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Figure 1: System Block Diagram
As can be seen from the block diagram, Bluetooth Low Energy (BLE) is being used to detect the distance between devices, it is also being used to communicate to a mobile phone. To detect whether an interaction has been made, the Bluetooth module compares the received power of a signal to the power that the signal was originally transmitted with, this gives a Received Signal Strength Indication (RSSI), which can be used to work out an approximate range. This RSSI value can then be compared to a tuned threshold value. If it is below that threshold, the device ID is stored in a flash memory, where it stays until it is sent to a mobile device. In order to ensure the device is as low power as possible, an accelerometer is being used to detect when the device is being worn. While being worn, the accelerometer detects movement and tells the whole device to be in normal operation, when the accelerometer detects that movement has stopped (i.e. the device has been removed from the user's wrist), the whole system goes into a deep sleep mode until movement is detected again.
For the device, the hardware was designed to be as small as possible, and due to this, a 4-layer PCB design was used. Figure 2 shows the schematic of the circuitry within the device.
Figure 2: Schematic of device hardware
The schematic was converted to a PCB design which could be assembled using a reflow oven. The final dimensions of the PCB were 32mm*35mm, which was small enough to be comfortable as a wearable once put into a case. The case was designed to be 3D printed into 2 parts and accepts standard quick release 22mm watch straps. A 3D render of the PCB in the case is shown in figure 3.
Figure 3: A 3D render of the complete device
The final cost of the hardware including the case and PCB is only £11, around half of the target BOM cost of £20
Software and Testing
The software was written based on the provided software for the AVR-BLE development kit. The device needs to constantly switch between scanning for local devices and being in a state where the user can connect to it with their mobile phone. To detect the approximate distance of a local device, an RSSI measurement is taken, since this value is available from an advertisement packet, there is no need to actually connect the wearables to each other, which saves on time and battery life. By reading out the RSSI measurements at 2m and 3m, figure 4 was created and was used to generate a threshold value such that 95% of devices at 2m are correctly characterised, with only 18% of devices at 3m incorrectly characterised.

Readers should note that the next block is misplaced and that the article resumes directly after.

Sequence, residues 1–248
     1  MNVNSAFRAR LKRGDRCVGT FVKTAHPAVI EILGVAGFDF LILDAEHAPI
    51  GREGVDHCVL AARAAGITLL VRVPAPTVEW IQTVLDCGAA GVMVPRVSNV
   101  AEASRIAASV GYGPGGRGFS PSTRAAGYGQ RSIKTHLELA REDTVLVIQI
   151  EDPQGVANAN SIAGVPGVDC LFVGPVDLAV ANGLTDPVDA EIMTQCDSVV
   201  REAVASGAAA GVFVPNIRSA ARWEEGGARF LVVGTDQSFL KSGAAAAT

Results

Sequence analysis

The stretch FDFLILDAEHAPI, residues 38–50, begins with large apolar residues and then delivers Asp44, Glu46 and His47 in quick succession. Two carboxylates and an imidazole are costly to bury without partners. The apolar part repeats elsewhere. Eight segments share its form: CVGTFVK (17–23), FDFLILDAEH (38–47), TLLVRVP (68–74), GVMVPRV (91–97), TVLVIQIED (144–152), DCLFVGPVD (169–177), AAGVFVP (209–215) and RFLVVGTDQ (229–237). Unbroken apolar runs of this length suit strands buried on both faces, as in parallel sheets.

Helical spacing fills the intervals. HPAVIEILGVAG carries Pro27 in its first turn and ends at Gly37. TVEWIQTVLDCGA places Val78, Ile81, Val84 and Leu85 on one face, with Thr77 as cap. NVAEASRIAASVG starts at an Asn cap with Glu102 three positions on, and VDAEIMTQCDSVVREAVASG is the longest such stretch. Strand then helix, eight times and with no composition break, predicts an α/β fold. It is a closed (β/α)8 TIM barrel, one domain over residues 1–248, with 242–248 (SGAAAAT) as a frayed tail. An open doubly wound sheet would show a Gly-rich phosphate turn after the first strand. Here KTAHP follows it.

Figure 4: A graph so show the RSSI values at different distances
To test the battery life of the device, the average current draw was measured in the devices worst case. Using this current draw of 7mA, the total worst-case battery life is just over 14 hours.
An app was also written to interface with the device, for the sake of this project, the app only takes data from the device, and displays it on screen. However, in a full product, this app should process the data it receives and send relevant data onto a server. Figure 5 shows the prototype app.
Figure 5: Prototype app
In conclusion, this project to make a track and trace bracelet was very successful, the device successfully detects how far away another device is, has a day-long battery and is comfortable to wear. By using a device similar to this in future, the effects of pandemics can be lessened, as the spread of the disease can be slowed without the need for major disruption such as national lockdowns. For anything trying to tackle this issue the most important factor is that as many people as possible need to take part, or the required effect won’t be achieved similar to the NHS app currently in use by a minority of the country.